Magic AB: Setting New Standards for Referencing

Every now and then a tool pops up that revolutionizes the way you work (or some aspect of it), and after a while you’re thinking “How did I ever manage without this before?”

I recently bought this plugin by Sample Magic called Magic AB. This plugin has been nothing short of a revelation for me.

This post is more an introduction rather than a review, because truthfully it’s a very straightforward plugin to use and works like a charm. (And just so you know, I am not affiliated with Sample Magic in any way. I just wanted to let you know about this tool.)


The Magic of Referencing

The Sample Magic Magic AB is built around a simple, but ingenious idea. You load the plugin (VST/AU/RTAS/AAX) directly to the master channel inside your DAW. Within the plugin there are 9 slots for loading up reference tracks. Once you have a reference track loaded and playing, you can quickly switch between your reference track and the mix you are working on. You just hit play in your DAW as you normally would, and use the A/B buttons in the plugin to switch between sources.

Here’s how it looks like:



Just this simple A/B functionality alone would have been enough for me to buy this plugin. But they’ve packed in some other features that make this a killer product:

  • You can load up 9 reference tracks at a time, and you can save different sets and recall them very quickly from the preset menu.
  • You can save your favorite reference tracks as a default preset so that they are ready to go as soon as you load the plugin. Sweet.
  • Zoomable waveform display and loop controls.
  • Peak and RMS level meters for both A and B tracks.
  • Toggle action for A/B buttons (you can keep clicking on either button and it switches between sources). This is great for when you want to close your eyes and focus on listening.

Sample Magic Magic AB
There is even a mini A/B mode for saving screen space. I also found it useful for when you just want to focus on listening and not get distracted by looking at waveforms or the interface.

I used to have a reference music playlist in iTunes and I would hop in there to play something, then hop back to the DAW to compare. Sometimes I would load up reference tracks directly into the DAW as audio tracks. But this little plugin just beats both methods in so many ways. Very very useful and I can honestly say: Because it is so quick and easy to use I am doing a lot more of referencing, which has improved the quality of my mixdowns. Perhaps even more importantly, I also now have more confidence in my mixes holding up against competition. That’s huge.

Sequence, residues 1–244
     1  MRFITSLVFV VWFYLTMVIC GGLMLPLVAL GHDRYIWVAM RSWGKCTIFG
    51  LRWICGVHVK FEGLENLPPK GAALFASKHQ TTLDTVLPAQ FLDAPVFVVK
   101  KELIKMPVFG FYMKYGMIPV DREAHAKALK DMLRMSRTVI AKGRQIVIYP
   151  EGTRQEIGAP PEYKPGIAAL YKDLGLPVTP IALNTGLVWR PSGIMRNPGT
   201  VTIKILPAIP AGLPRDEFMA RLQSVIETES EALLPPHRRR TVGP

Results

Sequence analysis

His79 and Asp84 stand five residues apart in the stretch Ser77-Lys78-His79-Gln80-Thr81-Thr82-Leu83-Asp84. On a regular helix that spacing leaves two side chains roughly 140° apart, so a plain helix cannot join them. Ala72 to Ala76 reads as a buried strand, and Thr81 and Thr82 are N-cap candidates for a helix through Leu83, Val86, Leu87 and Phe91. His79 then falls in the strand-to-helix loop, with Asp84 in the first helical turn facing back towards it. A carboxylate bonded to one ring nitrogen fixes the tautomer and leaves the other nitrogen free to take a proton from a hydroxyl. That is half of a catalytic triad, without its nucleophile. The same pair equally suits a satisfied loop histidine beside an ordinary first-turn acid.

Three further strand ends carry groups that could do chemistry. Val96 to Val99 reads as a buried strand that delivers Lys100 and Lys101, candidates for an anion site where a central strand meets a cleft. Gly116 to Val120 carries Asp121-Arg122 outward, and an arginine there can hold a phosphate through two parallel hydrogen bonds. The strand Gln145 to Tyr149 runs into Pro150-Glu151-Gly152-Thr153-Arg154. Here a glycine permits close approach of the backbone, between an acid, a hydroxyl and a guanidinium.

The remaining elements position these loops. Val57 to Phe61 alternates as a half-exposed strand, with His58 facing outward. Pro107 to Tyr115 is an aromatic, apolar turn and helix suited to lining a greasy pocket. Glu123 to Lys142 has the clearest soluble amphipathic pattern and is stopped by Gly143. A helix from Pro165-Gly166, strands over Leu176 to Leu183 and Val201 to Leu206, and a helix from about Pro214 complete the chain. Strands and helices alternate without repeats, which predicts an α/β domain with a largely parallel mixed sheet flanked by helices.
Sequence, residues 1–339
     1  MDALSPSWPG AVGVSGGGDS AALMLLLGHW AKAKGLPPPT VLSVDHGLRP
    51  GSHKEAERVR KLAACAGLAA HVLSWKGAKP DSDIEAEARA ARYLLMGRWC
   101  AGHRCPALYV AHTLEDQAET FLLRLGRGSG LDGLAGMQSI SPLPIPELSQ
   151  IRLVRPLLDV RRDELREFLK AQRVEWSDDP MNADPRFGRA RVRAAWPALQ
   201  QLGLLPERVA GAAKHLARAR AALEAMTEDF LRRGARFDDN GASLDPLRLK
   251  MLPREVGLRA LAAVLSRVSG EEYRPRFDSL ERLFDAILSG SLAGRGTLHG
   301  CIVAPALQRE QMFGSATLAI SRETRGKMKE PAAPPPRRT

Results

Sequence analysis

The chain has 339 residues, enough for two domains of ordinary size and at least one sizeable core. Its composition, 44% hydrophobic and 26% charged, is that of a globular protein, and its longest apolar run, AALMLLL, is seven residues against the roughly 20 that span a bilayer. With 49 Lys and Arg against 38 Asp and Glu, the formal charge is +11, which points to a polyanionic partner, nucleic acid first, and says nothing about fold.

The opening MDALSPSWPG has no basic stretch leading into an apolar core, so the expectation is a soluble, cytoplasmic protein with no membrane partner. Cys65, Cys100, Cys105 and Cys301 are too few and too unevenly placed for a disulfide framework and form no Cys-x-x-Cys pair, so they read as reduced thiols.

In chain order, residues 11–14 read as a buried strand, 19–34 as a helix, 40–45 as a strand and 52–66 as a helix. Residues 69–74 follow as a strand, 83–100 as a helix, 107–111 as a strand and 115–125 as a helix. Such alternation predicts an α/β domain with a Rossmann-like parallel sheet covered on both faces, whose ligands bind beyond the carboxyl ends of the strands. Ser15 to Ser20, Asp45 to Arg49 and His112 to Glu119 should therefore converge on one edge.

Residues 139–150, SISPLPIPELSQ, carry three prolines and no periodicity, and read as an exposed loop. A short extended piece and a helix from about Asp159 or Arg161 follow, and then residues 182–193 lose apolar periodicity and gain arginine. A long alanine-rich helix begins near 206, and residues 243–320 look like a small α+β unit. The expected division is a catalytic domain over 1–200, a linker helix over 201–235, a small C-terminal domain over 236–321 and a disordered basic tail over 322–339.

Tip: I like to use a spectrum analyzer and a loudness meter after Magic AB in the chain, especially in a mastering situation when I want to get really precise. It’s very cool to flick between A/B and see the differences.


Feature requests

There’s no hard critique towards this plugin that I can think of, but I do have some feature requests:

  1. I would love to see an automatic RMS level matching option in a future version. Because level matching plays a crucial role in referencing (always remember that).
  2. The peak/RMS metering is great to have, but the meters are quite small. I’d love to have nice big metering to see things really precisely (and then possibly support for a few different metering standards for the folks who need that).
  3. It would be nice to have the ability to rename reference tracks in their slots. Because the artist name usually comes first in the file names and then you just see that instead of the actual track name. And if you have several tracks by the same artist, it gets confusing. I know I could rename the files itself on my drive, but that goes against the whole ease of use of the plugin which I love. Wouldn’t it be nice to be able to give nicknames to your reference tracks?

Sample Magic, if you’re reading this… How about it?

The plugin sells for £34.90 at the time of writing this. Check it out, here’s a link to the Sample Magic website.

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  • Mark Bionic

    There’s also an easy way of doing this in ableton. Create an audio track and deselect it. Then on the i/o bar change the output from ‘master’ to ‘Ext. Out’. This bypasses the master channel completely and sends straight to your audio interface. Drag any tune you want to this track and anytime you want to compare just solo it. You can of course create as many of these tracks as you like!